Designing For Data Double Plays 2

Designing For Data Double Plays 2

I personally characterize firms into two broad categories; philanthropies (firms that create value, but have failed to effectively extract value), and businesses (firms that have been able to both create and extract value). Ideally most technology firms will start up as philanthropies, and as economies of scale begin to set in, eventually migrate to become businesses. However, a good number of technology firms fail to perform that migration, and keep on burning venture capital to nowhere until they eventually get sold at a discount (Konga), perform an IPO (Jumia, Palanthir) or eventually close down (Efritin, Quibi).

In Africa, this trend has gotten out of hand. Nigeria (Africa’s biggest economy) has a startup failure rate of 61% – in other words, 6 in every 10 Nigerian startups fail.

The major reason for this trend is usually not the inability to create value, but the inability to effectively extract value. Designing Data Double Plays may just be the way to help firms solve this conundrum.

This piece is the second part in a series on designing for data double plays I’m sharing. If you missed the first article, you can follow this link to it.

Law and Order

One of the most important traits of an entrepreneur is optimism. Optimism isn’t ignoring the facts – optimism is seeing the facts, looking for the opportunities inherent in them, and looking for ways to exploit those loopholes to both create and extract value.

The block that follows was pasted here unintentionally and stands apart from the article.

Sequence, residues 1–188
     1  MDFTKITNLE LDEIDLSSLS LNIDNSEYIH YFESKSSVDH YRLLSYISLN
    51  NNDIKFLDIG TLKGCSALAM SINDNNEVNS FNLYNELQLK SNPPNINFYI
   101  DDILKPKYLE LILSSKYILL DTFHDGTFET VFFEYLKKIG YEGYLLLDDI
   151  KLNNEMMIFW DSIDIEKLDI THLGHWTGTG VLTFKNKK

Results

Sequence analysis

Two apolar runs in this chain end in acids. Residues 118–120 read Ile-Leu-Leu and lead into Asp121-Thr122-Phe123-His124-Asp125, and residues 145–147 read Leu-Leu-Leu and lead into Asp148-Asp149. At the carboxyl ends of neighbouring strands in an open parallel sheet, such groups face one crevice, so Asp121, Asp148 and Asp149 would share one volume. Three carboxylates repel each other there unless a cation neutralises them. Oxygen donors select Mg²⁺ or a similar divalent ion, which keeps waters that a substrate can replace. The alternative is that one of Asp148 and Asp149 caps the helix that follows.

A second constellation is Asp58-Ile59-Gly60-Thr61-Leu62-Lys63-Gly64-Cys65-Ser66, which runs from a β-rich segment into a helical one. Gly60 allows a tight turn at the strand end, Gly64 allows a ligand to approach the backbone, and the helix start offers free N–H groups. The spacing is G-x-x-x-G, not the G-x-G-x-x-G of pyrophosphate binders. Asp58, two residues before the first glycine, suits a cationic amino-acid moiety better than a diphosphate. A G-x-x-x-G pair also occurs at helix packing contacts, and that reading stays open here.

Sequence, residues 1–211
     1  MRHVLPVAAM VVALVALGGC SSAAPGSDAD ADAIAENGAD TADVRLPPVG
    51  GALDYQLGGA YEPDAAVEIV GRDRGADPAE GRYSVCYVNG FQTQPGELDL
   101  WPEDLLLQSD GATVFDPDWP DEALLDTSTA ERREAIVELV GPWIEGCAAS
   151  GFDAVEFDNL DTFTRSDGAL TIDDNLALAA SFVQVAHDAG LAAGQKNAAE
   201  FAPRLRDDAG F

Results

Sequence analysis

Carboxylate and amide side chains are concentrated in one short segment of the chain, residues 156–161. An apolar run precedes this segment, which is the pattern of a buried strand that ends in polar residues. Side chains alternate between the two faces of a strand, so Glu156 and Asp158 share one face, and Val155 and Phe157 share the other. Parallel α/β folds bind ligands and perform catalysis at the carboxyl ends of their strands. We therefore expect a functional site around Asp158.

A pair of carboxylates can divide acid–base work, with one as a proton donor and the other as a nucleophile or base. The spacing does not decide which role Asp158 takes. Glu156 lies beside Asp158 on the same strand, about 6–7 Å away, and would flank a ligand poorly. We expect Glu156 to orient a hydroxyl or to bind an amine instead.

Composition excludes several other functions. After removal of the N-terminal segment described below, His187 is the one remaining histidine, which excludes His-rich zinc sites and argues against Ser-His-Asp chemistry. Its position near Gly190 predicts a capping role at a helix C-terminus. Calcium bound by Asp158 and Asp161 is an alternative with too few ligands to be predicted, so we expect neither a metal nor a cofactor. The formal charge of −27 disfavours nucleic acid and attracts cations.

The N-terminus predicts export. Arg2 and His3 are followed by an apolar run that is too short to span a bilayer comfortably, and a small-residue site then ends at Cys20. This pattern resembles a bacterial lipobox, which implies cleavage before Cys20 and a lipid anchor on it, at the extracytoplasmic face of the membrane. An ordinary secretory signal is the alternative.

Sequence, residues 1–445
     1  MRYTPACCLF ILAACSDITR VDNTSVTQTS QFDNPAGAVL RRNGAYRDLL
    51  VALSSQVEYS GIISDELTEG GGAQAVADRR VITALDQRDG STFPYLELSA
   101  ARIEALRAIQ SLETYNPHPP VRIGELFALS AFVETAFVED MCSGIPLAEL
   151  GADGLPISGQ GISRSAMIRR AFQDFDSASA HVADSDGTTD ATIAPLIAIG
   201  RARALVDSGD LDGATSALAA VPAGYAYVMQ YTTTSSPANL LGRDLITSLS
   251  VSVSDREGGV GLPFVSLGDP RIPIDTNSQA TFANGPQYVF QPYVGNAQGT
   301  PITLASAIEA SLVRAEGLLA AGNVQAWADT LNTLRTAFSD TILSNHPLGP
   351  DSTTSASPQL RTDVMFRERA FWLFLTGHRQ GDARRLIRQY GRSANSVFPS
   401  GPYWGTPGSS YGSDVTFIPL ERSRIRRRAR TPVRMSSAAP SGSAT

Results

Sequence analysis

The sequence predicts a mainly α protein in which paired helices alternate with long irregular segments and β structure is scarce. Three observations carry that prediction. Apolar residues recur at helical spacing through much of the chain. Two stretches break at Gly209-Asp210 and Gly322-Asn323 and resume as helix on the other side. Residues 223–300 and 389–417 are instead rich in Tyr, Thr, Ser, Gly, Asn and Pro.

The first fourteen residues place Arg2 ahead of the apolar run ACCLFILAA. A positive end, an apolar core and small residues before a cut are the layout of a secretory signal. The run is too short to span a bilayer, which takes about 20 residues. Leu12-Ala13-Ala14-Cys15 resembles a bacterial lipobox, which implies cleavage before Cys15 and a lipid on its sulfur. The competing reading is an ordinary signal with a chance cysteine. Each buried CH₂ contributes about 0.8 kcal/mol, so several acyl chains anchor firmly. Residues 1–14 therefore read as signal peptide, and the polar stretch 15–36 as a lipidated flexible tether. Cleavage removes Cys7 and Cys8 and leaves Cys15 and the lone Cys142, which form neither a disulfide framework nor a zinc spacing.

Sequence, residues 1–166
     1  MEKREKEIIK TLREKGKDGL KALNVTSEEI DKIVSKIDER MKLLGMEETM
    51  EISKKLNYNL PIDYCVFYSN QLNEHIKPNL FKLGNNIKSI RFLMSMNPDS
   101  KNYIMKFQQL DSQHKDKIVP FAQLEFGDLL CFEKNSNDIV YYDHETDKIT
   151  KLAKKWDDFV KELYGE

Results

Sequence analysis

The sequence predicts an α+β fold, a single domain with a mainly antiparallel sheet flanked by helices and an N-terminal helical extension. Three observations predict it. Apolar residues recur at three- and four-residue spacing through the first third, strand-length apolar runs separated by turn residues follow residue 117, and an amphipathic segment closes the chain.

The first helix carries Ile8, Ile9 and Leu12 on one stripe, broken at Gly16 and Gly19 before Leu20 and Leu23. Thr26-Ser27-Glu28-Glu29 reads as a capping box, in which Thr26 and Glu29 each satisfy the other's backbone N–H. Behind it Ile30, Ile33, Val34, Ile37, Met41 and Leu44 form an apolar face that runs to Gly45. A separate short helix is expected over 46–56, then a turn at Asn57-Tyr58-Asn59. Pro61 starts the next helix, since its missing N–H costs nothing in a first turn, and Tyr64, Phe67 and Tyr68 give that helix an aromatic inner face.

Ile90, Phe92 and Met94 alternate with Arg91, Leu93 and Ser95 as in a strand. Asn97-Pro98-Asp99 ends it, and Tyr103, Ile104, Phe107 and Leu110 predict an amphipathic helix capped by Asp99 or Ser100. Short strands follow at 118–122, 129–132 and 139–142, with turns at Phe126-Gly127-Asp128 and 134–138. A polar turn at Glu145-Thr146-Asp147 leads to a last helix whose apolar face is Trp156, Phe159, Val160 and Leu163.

In the first part of this series, I had more than one comment where the readers shared how negative government policies are having an adverse effect on both the entrepreneurial culture, and the entrepreneurial ecosystem in Nigeria.

As much as those concerns are true (and they are), I also like to see the light at the end of the tunnel that most entrepreneurs can exploit – Ignorance.

As much as the government isn’t making enough tangible policies that support the scale up of technology startups in Nigeria, the government is not tech-savvy, and therefore business models that exploit governmental ignorance at very little damage to the customer will find it very easy to scale in Nigeria.

European laws like GDPR (General Data Protection Regulation), will probably never happen in Nigeria because of the governments relative ignorance to the true monetary value of data. Indomie acquired Dangote Noodles in 2017 for an undisclosed fee to strengthen its position in the noodles segment. As at early 2019, Indomie accounted for more than 70% of the Nigerian noodles market. Is this anti-competitive behavior? Yes. Did the government do anything about it? No.